So today, as our first day, we of course had to spend a good amount of time in the water! As a group we were able to help some PhD students with their project, which was cool but labor intensive. They are looking at the effects of sea turtle grazing on a sea grass called turtle grass, also known as Thalassia testudinum (not sure how I am going to remember that one). I have learned that if I can tie the scientific name to something that I more commonly know then it might go better. But anyway, we had to cut the Thalassia right where the new, green grass blades are growing because this is where the sea turtles actually eat the grass – we were literally mimicking sea turtle grazing! We were all a bunch of weird looking turtles. Although, I thought we looked more like whales because we would have to duck down into the water, cut as many blades as possible in one breathe, and then surface to take another breathe. In order to not get a big gulp of salt water we would have to clear our snorkels which reminded me of whales clearing their blow holes!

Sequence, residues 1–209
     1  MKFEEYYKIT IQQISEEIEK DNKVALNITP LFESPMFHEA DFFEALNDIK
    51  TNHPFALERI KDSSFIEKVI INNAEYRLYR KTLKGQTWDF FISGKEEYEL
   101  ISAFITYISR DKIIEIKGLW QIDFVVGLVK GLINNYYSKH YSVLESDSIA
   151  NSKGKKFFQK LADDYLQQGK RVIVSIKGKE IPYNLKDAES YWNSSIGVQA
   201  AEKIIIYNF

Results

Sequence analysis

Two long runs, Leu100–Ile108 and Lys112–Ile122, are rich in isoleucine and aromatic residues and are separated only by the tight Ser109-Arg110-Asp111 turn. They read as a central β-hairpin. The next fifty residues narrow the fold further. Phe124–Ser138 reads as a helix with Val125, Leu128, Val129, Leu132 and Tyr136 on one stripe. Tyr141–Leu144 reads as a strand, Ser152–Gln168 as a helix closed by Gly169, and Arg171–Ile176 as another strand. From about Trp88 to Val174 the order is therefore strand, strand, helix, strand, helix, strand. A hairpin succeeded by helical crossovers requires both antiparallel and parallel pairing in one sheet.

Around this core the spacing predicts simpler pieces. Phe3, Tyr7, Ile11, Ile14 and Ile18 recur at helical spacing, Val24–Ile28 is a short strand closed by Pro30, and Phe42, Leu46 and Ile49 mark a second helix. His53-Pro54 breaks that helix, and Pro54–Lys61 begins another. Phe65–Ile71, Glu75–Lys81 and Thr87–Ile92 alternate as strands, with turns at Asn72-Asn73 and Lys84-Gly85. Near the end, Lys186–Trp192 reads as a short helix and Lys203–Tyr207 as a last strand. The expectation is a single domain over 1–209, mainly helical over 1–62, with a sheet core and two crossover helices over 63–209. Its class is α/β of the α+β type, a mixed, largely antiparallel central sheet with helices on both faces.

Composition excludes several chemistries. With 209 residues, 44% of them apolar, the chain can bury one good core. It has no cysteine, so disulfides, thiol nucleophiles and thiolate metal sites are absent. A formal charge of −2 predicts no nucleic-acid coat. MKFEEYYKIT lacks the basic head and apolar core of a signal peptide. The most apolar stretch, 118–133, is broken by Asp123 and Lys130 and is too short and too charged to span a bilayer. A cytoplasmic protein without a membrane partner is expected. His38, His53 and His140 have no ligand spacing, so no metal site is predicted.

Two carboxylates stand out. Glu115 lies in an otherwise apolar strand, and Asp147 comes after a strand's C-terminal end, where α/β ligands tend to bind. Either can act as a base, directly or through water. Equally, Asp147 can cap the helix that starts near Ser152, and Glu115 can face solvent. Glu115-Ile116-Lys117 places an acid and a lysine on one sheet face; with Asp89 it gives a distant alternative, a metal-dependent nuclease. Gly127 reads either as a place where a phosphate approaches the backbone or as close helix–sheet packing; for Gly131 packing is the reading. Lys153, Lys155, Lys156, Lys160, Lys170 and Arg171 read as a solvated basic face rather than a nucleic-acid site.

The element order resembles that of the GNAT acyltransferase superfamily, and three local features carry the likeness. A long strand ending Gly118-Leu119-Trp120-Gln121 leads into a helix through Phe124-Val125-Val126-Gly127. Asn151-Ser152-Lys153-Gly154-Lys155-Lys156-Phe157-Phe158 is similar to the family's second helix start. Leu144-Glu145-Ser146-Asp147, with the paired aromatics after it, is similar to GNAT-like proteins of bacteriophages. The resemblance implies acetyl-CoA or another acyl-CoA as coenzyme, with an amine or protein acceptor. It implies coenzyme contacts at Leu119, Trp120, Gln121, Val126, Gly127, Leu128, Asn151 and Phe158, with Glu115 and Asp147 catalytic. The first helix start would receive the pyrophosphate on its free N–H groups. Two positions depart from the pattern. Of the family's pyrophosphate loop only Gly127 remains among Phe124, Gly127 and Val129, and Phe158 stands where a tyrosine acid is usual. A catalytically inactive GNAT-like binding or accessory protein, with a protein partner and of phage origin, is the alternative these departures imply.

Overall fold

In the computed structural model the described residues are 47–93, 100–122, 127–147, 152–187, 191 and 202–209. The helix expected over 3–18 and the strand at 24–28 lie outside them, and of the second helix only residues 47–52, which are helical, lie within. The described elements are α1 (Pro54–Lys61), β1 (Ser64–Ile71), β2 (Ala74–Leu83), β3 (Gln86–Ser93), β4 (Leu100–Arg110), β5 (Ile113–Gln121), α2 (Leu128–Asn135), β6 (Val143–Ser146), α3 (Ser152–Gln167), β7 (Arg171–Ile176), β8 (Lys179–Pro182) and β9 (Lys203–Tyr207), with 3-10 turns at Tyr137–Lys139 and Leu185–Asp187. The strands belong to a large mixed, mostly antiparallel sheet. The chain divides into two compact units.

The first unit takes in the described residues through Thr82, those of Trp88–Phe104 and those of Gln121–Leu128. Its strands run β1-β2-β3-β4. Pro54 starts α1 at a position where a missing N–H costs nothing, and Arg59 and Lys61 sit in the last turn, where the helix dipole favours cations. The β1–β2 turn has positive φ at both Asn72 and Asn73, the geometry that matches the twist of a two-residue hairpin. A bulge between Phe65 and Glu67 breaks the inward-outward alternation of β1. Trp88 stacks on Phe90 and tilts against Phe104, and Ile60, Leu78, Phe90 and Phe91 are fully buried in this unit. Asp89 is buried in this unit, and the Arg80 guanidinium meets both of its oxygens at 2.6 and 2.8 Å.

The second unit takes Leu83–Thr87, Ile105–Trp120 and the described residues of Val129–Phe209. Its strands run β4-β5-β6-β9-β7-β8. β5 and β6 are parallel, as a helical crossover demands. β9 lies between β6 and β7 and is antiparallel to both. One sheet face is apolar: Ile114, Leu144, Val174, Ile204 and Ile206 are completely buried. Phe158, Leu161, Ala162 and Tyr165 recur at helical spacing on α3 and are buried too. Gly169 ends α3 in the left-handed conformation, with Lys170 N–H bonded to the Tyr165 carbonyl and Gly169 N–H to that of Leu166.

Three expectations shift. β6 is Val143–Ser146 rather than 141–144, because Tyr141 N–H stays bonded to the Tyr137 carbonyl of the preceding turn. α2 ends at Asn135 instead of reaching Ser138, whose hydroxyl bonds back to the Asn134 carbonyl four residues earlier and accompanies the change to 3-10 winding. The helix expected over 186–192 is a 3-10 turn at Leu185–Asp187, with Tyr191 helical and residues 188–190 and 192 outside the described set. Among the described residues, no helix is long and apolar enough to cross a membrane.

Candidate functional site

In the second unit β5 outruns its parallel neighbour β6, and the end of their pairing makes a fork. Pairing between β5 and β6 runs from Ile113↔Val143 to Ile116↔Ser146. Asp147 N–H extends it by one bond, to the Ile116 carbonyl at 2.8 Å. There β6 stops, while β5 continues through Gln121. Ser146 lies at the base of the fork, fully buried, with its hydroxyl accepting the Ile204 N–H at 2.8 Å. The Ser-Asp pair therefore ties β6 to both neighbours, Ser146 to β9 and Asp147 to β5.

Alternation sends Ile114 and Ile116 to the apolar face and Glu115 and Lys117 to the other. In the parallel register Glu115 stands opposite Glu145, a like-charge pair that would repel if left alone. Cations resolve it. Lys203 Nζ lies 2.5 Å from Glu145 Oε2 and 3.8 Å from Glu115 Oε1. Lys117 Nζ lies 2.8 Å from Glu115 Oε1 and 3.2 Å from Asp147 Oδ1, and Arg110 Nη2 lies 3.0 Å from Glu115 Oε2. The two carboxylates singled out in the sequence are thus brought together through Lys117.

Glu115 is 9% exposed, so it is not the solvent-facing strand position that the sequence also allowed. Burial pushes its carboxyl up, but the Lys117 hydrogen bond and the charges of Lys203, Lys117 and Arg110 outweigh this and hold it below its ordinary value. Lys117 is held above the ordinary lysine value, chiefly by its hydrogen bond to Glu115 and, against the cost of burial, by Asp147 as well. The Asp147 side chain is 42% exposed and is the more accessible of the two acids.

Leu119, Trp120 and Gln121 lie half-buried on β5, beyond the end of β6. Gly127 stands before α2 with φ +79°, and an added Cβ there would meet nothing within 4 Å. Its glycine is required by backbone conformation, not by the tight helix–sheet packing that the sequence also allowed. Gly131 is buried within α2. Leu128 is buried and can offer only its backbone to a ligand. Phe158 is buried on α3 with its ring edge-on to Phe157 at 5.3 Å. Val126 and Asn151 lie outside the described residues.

Our next adventure included identifying hard corals. This was a lot of fun because we snorkeled out from the beach to the reef and we learned how to identify a few (15) common hard corals. What isn’t too fun about this is that we will be quizzed on our coral identification in order to partake in coral surveys done by CCMI. SO basically, I am going to study my butt of in order to get these scientific names down pat so I can do some coral surveys! BUT we are starting slow, one by one -I’ll get them all eventually, positive thinking!
First one of the day is the symmetrical brain coral! Also, scientifically known as the Pseudodiploria strigosa. It looks like a huge boulder, but because it is a coral- it is actually an animal! Not sure how I am going to relate this one exactly in order to remember – but up close it is covered in STRIations–STRIgosa ….maybe?
But to better enjoy and not get weighed down by the heavy Latin of the science world… here are some cool things that I saw in addition to the coral (I have yet to learn how to identify these guys properly but I’ll let you know when I do)!
Some huge lobsters! And some really pretty fish that I have never seen before! If you can zoom, there is a cute little blue guy with some……. Pseudodiploria strigosa!
Until next time!